To develop the 62-unit community, KWA combined a federal Sec. 202 capital advance with 4 percent low-income housing tax credits syndicated by Enterprise Community Investment and tax-exempt bond financing provided by JPMorgan Chase. Bond financing will be used during construction. There is no permanent debt. Common Ground was the development consultant.

As a Sec. 202 property, it has a Department of Housing and Urban Development project rental assistance contract rent of $442 per month per unit. While residents earning up to 50 percent of the area median income are eligible, the rental subsidies are providing opportunities for extremely low-income seniors earning much less. —Donna Kimura


Courtesy of Volunteers of America

Developer: Volunteers of America Architect: Sizeler Thompson Brown Architects

Major Funders: JPMorgan Capital Corp.; National Affordable Housing Trust; Major League Baseball Players Trust; Louisiana Housing Finance Agency; Department of Housing and Urban Development; the City of New Orleans

NEW ORLEANS, LA.— Seniors displaced by Hurricane Katrina have found a home at The Terraces on Tulane.

Built by Volunteers of America (VOA), the 200-unit development is one of a small number of affordable housing communities funded by Gulf Opportunity (GO) Zone housing tax credits that has finished construction and opened its doors. “The whole theme of coming home is what this is about,” says Patrick Sheridan, senior vice president of housing development.

VOA has had a large presence in New Orleans, and many of its properties were damaged in the hurricane, including the popular Forest Towers East. Not only that, the project's neighborhood was virtually abandoned, leaving no services for its elderly residents.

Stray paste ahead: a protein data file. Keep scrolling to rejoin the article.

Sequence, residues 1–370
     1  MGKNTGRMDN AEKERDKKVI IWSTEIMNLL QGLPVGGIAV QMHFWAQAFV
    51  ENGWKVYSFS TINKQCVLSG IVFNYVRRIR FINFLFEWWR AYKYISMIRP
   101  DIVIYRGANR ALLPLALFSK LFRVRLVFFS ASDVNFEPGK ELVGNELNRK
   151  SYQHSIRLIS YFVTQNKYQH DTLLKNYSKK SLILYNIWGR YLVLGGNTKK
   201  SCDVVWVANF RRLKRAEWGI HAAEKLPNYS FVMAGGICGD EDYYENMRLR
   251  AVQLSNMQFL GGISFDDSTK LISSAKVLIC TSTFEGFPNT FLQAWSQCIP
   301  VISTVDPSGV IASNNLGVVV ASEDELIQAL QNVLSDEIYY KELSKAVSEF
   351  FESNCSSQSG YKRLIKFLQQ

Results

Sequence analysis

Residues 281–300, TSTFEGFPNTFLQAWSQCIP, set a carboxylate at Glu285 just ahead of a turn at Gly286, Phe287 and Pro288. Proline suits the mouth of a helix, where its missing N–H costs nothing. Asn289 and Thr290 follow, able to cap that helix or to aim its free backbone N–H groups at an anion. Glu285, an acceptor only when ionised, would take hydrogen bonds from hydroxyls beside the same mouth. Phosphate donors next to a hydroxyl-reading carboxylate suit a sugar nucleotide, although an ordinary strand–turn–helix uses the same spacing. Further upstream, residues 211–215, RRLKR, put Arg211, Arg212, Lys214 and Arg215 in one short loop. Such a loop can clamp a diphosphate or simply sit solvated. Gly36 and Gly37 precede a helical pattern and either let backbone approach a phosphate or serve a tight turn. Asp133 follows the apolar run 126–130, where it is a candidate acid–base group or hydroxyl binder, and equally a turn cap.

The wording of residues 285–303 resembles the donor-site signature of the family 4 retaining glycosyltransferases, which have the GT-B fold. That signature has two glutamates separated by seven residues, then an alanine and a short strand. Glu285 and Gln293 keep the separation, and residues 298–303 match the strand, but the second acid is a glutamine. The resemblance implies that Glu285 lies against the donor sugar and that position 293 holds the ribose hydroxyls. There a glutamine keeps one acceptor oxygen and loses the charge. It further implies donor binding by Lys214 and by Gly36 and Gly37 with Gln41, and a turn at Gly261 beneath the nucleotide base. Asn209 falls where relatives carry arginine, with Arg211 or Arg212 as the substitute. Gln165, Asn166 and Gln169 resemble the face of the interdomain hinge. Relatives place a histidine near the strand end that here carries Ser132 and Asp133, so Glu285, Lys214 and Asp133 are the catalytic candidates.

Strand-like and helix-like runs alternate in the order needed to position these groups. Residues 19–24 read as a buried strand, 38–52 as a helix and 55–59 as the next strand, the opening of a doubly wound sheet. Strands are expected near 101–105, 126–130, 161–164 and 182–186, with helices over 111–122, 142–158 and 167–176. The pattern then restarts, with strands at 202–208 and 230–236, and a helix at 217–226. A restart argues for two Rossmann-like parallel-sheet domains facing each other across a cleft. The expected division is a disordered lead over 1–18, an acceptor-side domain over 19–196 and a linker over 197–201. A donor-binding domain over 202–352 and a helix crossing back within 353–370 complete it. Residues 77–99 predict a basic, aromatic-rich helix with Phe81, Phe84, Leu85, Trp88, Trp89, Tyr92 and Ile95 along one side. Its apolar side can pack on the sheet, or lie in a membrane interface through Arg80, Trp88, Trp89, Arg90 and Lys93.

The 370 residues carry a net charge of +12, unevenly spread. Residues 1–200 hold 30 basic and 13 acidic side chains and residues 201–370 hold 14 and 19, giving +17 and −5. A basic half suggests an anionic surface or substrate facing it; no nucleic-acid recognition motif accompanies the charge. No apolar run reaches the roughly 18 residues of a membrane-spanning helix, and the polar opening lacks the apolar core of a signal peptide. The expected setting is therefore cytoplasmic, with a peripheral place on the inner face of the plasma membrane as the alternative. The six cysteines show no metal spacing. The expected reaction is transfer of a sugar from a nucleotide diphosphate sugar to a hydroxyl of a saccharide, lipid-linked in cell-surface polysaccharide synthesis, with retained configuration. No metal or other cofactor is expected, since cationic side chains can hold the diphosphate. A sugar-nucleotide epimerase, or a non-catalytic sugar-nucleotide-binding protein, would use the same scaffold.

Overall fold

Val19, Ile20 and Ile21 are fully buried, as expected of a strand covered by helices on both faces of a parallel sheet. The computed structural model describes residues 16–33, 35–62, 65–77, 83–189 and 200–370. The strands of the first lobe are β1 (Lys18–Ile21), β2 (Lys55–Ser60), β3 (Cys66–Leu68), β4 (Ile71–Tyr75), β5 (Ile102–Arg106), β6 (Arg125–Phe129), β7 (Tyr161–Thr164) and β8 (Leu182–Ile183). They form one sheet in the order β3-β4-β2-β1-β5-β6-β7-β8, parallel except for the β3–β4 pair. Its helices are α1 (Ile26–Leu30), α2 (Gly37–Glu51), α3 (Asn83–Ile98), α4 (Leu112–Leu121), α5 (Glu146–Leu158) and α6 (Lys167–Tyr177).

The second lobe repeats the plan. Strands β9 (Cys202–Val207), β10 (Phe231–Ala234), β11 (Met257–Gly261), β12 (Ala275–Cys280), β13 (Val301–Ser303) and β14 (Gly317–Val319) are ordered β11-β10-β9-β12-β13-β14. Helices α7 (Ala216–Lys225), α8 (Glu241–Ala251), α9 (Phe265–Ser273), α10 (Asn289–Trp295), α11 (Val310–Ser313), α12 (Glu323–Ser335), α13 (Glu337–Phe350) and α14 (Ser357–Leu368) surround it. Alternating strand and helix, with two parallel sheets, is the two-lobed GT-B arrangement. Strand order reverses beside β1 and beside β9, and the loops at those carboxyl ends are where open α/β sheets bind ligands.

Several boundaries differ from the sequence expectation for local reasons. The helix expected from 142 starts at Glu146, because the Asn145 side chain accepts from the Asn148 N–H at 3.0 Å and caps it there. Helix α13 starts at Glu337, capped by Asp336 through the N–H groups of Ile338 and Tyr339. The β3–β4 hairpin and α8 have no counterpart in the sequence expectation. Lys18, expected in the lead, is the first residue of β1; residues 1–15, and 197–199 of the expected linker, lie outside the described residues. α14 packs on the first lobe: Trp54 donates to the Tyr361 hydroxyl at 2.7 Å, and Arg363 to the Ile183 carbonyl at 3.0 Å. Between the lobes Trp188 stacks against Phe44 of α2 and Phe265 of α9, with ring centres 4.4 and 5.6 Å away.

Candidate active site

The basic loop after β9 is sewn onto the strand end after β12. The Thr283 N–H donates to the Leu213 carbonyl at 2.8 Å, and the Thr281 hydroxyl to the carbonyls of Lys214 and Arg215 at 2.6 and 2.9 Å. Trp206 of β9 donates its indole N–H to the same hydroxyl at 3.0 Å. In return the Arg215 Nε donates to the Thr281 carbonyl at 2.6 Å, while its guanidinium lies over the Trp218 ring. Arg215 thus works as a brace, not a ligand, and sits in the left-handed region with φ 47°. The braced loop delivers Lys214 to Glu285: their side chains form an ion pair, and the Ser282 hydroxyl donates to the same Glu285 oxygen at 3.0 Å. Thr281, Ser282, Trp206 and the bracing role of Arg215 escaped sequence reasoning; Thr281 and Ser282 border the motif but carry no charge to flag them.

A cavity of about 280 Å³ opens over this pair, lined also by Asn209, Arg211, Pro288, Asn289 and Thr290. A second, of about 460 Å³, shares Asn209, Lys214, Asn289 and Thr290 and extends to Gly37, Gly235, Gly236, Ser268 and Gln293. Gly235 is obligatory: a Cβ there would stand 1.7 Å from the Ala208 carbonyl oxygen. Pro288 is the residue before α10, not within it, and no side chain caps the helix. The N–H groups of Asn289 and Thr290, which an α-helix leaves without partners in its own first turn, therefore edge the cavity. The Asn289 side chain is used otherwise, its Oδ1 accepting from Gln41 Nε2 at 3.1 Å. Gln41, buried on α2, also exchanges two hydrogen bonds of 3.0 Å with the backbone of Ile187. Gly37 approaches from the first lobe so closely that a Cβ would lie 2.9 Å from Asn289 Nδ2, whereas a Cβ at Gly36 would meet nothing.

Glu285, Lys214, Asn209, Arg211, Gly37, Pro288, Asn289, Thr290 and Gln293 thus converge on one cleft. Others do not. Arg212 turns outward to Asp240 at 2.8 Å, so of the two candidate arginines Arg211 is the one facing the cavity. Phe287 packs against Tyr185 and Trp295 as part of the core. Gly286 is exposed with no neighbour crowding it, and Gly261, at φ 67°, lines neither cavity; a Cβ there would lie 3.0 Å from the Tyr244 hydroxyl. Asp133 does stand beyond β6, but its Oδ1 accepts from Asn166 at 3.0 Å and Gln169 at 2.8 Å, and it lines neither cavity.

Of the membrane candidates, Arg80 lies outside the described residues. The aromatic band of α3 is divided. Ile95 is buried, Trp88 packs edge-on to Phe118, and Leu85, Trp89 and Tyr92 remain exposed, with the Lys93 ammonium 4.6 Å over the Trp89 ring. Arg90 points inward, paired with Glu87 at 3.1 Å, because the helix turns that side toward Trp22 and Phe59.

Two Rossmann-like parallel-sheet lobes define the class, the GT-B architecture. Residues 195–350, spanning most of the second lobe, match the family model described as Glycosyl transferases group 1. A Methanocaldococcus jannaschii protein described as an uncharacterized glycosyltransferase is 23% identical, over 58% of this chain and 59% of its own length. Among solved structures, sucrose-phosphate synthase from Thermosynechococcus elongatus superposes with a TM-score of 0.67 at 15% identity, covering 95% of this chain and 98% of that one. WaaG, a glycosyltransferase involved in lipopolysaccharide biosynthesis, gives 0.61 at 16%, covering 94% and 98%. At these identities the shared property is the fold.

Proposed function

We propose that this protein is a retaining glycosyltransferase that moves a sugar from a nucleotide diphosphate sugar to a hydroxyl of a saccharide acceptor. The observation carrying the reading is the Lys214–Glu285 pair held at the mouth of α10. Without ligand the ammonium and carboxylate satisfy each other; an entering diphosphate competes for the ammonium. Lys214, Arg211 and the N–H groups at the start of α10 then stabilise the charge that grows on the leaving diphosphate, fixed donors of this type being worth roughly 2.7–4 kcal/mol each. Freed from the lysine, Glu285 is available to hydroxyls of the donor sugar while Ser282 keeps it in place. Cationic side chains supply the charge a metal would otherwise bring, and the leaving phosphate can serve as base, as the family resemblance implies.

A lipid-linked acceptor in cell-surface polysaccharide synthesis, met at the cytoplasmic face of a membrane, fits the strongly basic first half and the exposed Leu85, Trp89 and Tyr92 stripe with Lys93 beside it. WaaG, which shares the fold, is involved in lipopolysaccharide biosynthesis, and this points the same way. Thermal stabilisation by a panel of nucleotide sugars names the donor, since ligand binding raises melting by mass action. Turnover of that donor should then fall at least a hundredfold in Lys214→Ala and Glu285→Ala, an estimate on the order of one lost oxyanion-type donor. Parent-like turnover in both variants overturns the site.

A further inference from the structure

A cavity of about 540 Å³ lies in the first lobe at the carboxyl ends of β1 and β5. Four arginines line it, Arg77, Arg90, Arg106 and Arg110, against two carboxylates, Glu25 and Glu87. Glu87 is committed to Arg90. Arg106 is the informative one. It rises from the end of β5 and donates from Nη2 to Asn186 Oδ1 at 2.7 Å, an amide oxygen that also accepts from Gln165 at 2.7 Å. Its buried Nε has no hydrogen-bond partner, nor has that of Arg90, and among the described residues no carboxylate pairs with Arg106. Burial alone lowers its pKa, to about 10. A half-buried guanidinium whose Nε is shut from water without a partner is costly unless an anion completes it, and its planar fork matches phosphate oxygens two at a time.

The nonprofit decided to rebuild at a different site. VOA secured a parcel in Jefferson Parish, but neighborhood opposition forced the team to look for yet another location. That meant the team would likely miss the deadline to begin construction and claim GO Zone depreciation. In response, VOA and others worked to change federal law to extend the start date for GO Zone projects.

Other moves were also necessary to replace Forest Towers East, an older Sec. 202 project that had a housing assistance payment contract. In order to make the new development viable, VOA needed some sort of operating subsidy to keep rents low. Working with the Department of Housing and Urban Development, VOA utilized a littleknown Sec. 318 transfer program to transfer the operating subsidy to the new project. As a result, residents pay no more than 30 percent of their income toward rent.

When The Terraces on Tulane opened this year, 46 of the initial residents were from Forest Towers East. Many reunited for the first time since the hurricane.

The $41 million project was funded with about $31 million in tax credit equity from JPMorgan Capital Corp. and the National Affordable Housing Trust. JPMorgan also provided a permanent loan, and the Major League Baseball Players Trust contributed $250,000. —Donna Kimura